Using Conditioned Taste Aversion to Reduce Human-nonhuman Primate Conflict: A Comparison of Four Potentially Illness-inducing Drugs
Publication Type:Journal Articles
Source:Applied Animal Behaviour Science, Volume 225 (2020)
Keywords:Behavior modification, Crop foraging, Food aversion, Human-primate conflict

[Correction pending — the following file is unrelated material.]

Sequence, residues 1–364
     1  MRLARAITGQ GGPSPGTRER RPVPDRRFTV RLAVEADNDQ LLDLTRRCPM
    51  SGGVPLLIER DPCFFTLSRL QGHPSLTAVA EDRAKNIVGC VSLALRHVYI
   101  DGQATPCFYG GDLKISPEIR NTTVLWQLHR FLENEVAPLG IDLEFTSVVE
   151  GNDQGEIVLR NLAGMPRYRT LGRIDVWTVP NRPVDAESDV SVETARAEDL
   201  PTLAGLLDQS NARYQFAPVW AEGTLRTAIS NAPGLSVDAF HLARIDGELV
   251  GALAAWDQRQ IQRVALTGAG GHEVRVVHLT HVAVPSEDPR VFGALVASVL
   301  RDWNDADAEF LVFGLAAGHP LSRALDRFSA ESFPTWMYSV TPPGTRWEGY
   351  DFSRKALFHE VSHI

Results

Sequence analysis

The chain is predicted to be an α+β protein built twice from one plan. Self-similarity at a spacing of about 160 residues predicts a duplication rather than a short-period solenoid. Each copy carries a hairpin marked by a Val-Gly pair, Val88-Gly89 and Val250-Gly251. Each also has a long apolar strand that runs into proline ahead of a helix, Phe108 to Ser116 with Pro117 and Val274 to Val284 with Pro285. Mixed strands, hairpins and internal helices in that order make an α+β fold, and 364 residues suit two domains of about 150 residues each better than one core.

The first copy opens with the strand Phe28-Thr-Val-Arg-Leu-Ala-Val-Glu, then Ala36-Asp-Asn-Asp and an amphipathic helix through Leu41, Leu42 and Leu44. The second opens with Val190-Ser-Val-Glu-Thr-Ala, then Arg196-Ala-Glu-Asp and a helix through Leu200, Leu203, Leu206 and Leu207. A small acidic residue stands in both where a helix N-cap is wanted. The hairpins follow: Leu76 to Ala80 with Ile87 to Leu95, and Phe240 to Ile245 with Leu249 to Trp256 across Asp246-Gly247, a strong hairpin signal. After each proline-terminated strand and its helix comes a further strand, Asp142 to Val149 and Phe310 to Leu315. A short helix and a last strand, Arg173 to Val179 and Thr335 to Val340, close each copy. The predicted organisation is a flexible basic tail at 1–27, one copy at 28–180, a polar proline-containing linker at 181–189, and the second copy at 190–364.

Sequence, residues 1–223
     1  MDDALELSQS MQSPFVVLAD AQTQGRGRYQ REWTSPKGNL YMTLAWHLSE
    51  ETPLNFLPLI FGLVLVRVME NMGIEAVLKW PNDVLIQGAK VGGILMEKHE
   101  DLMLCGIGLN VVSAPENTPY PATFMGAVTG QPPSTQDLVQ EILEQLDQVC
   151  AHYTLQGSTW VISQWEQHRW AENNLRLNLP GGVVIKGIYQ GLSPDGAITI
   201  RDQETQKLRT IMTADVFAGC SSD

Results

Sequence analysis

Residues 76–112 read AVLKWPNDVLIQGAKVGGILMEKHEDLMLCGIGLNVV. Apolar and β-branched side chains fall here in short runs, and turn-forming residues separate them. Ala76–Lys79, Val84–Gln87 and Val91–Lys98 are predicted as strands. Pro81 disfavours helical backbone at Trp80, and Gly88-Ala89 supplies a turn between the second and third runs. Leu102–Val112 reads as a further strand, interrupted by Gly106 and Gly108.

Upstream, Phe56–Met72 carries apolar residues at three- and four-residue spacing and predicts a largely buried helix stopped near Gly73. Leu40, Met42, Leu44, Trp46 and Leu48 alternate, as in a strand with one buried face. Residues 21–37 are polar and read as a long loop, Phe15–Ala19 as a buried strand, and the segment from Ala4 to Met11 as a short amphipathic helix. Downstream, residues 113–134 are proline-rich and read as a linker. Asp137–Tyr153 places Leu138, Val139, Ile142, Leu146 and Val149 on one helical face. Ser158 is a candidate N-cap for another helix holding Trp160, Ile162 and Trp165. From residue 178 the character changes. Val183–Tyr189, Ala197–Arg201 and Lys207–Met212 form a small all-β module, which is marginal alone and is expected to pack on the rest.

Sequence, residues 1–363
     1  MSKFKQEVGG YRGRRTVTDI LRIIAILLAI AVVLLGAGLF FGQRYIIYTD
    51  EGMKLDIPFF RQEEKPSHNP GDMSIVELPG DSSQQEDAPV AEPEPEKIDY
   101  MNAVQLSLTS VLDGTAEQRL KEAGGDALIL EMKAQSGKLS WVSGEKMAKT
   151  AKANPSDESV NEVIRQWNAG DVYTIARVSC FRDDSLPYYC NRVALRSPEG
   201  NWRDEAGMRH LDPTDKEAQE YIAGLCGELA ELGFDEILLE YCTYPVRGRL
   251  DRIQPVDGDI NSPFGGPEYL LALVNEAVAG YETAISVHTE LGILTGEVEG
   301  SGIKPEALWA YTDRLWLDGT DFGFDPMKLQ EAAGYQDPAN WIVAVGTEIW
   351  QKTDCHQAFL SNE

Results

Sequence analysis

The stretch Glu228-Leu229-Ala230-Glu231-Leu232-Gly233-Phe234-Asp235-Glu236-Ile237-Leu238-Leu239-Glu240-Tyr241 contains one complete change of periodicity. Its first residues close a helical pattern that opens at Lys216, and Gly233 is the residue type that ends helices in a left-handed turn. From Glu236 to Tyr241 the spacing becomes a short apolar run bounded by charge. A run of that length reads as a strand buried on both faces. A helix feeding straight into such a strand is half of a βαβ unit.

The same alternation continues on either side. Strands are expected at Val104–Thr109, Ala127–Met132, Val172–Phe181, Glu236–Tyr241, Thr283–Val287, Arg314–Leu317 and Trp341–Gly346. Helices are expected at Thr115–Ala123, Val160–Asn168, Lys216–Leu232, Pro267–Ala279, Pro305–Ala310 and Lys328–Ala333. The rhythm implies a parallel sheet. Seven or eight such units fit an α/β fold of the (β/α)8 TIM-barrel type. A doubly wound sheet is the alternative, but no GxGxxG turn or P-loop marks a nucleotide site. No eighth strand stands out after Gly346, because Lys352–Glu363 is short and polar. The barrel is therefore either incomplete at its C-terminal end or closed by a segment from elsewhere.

Human-wildlife conflict in the form of crop- and livestock depredation is escalating worldwide and many species of nonhuman primates are considered serious crop pests throughout areas within their ranges that humans inhabit. Animals become habituated to many non-lethal mitigation strategies, which then become ineffective at reducing crop-foraging intensities by nonhuman primates, so people have turned to culling to reduce crop losses. An example of this problem is primate crop depredation in northern India, where rhesus macaques (Macaca mulatta) have been declared vermin. Conditioned Taste Aversion (CTA) develops when humans and nonhuman animals associate the taste and odor of food with post-consumption illness and results in subsequent refusal to consume the food associated with illness. The length of time that the food is avoided indicates the aversion’s strength. CTA can be induced deliberately when food is paired with a drug that causes nausea. Thus, exploiting CTA could be a non-lethal and effective method to control crop damage caused by vertebrate pests. We tested four drugs on 88 rhesus macaques to assess their ability to induce a CTA and determine safe and effective doses. Our results suggest that fenbendazole, an anthelminthic drug with a high margin of safety, is ineffective. A similar drug, levamisole also was ineffective, as the monkeys detected it during the acquisition phase. However, we were able to create aversions using thiabendazole, another anthelminthic, and 17 alpha-ethynyl estradiol (EE). Once a dose appropriate to induce a CTA was determined, EE demonstrated a success rate of 86 %, and thiabendazole 46 %. Both drugs have strengths and weaknesses. Only a small dose of EE (25 mg/kg of body weight) was required to induce a CTA, which can be concealed in a small amount of food. However, it is a synthetic hormone, so access to the drug should be limited, and its distribution in the environment controlled. Thiabendazole required a considerably higher dose (160 mg/kg of body weight) to establish a CTA and may be a greater challenge to conceal. Nonetheless, both drugs appeared to go undetected in these tests and could be used with mild baits, e.g., wheat and corn/maize. We urge continued conditioned taste aversion studies across species to reduce crop damage.